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The government has pledged to develop a new system for calculating the number of overseas students entering and leaving the UK.
The announcement comes after pressure from the academic sector for students to be excluded from immigration reduction measures.
Organisations like Universities UK, the body which represents the UK’s Universities, feel the government’s aim to cut annual net migration risks hurting the lucrative market for overseas students coming to the UK to study.
A number of high-profile University chancellors have also written to the government asking them to exclude international students from migration statistics.
Universities Minister David Willetts told university leaders meeting in Keele that the Office for National Statistics was working on ways to "better count students in immigration flows".
He said: “Without international students, we would not only be poorer economically - we would also be more boring, more insular, and more ignorant of the wider world.”
Mr Willetts also announced that the government will offer financial help to legitimate overseas students who are in danger of being deported after a London university lost the right to recruit overseas students from outside the European Union.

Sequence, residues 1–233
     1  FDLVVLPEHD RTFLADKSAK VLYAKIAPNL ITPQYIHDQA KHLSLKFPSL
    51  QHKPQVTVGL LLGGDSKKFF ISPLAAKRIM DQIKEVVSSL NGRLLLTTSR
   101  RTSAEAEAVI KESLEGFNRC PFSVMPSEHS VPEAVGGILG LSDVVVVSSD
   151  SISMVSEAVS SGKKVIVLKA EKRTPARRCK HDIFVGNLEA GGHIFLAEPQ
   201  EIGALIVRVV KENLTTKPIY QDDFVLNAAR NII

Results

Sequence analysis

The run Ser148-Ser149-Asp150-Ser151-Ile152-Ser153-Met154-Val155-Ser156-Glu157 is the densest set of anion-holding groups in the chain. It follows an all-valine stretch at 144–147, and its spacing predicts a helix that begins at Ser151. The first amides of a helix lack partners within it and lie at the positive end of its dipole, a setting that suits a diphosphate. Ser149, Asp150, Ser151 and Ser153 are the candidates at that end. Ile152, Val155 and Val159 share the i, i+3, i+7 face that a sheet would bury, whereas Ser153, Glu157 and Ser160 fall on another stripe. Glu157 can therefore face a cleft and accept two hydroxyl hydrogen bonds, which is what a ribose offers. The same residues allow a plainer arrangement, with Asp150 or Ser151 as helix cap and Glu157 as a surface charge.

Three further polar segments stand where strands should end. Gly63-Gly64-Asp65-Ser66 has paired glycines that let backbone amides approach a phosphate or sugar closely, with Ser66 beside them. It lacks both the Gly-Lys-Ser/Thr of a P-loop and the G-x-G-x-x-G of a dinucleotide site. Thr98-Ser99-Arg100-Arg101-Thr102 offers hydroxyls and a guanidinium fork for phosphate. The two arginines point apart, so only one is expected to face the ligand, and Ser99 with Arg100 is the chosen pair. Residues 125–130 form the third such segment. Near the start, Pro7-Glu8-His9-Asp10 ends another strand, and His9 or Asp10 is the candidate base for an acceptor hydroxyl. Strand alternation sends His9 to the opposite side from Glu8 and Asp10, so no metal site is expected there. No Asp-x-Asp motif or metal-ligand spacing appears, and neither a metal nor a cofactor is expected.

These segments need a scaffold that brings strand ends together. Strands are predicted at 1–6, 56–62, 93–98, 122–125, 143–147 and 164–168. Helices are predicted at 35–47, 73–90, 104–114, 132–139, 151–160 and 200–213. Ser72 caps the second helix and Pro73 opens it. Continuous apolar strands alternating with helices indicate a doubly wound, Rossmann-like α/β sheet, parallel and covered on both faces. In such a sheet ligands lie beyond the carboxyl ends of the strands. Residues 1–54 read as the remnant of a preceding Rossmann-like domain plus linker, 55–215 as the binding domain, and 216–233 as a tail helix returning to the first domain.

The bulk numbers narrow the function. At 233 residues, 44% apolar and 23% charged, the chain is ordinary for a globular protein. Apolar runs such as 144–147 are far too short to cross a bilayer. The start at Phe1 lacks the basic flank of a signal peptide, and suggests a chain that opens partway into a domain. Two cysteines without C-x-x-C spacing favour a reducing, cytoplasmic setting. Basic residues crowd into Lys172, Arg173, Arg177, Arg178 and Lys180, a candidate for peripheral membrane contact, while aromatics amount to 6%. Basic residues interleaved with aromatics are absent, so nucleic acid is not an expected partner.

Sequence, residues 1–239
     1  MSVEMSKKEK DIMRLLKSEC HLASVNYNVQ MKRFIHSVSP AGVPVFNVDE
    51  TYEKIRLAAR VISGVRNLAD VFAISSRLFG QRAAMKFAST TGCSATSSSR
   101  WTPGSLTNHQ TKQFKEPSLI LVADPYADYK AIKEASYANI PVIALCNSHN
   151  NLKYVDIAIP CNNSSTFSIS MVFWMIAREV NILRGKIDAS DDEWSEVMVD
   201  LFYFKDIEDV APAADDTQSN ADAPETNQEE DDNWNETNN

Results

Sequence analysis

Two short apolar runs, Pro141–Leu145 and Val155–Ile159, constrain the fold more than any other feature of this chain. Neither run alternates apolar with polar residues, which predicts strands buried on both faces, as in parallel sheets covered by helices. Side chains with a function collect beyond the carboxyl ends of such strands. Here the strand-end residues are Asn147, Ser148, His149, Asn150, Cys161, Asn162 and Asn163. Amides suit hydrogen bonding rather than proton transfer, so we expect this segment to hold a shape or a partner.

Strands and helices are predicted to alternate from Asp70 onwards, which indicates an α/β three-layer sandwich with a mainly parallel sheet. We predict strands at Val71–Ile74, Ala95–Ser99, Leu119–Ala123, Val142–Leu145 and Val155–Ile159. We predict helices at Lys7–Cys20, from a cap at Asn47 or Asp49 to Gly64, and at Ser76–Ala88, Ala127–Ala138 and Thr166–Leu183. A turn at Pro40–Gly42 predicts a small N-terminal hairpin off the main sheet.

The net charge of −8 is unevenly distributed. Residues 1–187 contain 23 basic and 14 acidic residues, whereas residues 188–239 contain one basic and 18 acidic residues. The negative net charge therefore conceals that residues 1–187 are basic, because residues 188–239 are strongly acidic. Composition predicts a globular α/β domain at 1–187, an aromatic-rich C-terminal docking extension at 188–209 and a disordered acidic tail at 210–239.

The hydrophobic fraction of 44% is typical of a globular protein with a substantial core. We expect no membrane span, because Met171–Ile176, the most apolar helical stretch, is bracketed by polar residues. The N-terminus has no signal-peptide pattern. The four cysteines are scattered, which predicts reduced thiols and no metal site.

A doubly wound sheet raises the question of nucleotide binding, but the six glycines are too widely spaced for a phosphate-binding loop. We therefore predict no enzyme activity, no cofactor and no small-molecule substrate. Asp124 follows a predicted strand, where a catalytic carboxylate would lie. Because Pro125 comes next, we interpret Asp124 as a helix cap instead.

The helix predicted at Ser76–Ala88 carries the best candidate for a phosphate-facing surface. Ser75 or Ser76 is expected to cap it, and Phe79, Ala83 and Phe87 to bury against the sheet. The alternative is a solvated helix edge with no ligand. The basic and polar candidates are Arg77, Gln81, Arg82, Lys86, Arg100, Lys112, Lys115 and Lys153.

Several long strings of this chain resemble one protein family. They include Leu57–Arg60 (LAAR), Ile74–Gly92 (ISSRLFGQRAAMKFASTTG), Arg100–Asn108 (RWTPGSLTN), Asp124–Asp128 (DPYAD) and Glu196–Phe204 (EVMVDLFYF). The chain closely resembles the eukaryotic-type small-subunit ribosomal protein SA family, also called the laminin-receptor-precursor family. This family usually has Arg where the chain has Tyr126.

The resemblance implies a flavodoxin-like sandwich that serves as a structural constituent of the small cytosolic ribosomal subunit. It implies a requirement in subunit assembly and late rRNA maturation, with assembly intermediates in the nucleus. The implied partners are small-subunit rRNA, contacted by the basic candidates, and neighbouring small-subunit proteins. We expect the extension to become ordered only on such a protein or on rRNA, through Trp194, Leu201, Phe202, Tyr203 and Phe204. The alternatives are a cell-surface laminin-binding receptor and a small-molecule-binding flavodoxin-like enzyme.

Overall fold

London Metropolitan University (LMU) failed to make proper checks on overseas students, government agencies said, although that is disputed by the university which is mounting a legal challenge.
Mr Willetts said a £2million fund was being created for the students affected by the situation at LMU. "This will provide certainty to London Met students at what is a stressful and unsettling time," he added.
Universities UK has praised the announcement, but cautioned that it does not go far enough.
Professor Eric Thomas, the group's president, said: “This is good news and a step in the right direction. It will help make a clearer distinction between temporary and permanent migrants and brings us into line with the way our major competitors report this information.
“Universities UK would like the government to go further and remove students from net migration targets, but today's announcement will make it possible to see what contribution students are making to any future reductions”
Jacqui Fox, Managing Director of Twin Training International, said the move showed the government recognises the economic value of international students continuing to study in the UK.
Ms Fox said: “The announcement form the Universities Minister is positive for companies creating UK jobs in the academic sector.
The vast majority of foreign students applying to study in the UK are genuine so I am glad that the comments from Mr Willetts reflect this.”
Posted by Caroline Fox
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